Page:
According to Josh McDowell, the atheists are winning, and we’re using that dirty internet to do it:
Atheists and skeptics now have equal access to our children as we have, which is why the number of Christian youth who believe in the fundamentals of Christianity is decreasing and sexual immorality is growing, apologist Josh McDowell said.
“The Internet has given atheists, agnostics, skeptics, the people who like to destroy everything that you and I believe, the almost equal access to your kids as your youth pastor and you have… whether you like it or not,” said McDowell, who is author of two books on Christian apologetics, More than a Carpenter and New Evidence that Demands Verdict.
The internet: turning children into atheists and skeptics since the early 90s.
“Now here is the problem,” said McDowell, “going all the way back, when Al Gore invented the Internet [he said jokingly], I made the statement off and on for 10-11 years that the abundance of knowledge, the abundance of information, will not lead to certainty; it will lead to pervasive skepticism. And, folks, that’s exactly what has happened. It’s like this. How do you really know, there is so much out there… This abundance [of information] has led to skepticism. And then the Internet has leveled the playing field [giving equal access to skeptics].”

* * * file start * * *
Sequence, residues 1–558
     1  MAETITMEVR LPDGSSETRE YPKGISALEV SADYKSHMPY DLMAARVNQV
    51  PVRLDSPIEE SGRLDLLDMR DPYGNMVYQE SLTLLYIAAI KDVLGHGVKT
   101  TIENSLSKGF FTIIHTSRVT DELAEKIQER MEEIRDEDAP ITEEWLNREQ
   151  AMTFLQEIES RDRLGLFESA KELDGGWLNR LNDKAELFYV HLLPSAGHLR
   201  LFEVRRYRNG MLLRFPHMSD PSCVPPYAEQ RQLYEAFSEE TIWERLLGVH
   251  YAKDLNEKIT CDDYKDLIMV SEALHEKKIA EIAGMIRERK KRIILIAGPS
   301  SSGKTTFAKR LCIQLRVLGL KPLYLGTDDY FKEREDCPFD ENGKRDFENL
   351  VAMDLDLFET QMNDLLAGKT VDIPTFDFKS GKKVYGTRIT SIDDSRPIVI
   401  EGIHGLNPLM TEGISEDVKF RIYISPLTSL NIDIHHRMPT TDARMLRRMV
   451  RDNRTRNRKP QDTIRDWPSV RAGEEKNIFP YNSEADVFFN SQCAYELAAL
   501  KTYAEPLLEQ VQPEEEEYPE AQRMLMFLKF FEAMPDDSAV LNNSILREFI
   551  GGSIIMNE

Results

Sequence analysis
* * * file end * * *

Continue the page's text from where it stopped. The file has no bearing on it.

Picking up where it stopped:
I get what he’s saying. I think all of us realize that using the internet can be like drinking from a firehose. There’s so much information out there that it can be hard to know what’s real. Dealing with that everyday is going to make anyone more skeptical. But is that necessarily a bad thing?
To McDowell it is. Anything that lead to questioning the revealed truth of evangelical protestant Christianity is definitely a bad thing in his book. But he’s savvy enough to realize that you can’t completely shield your kids, at least not without going full fundy. So he advocates three things, the first two are hard to argue with: live up to your own ideals and have a good relationship with your kids.
The third thing is knowledge. Christians need to “arm yourselves to answer your children’s and grandchildren’s questions.” Not bad on the surface, but the cynic in me thinks that translates to “buy my books!”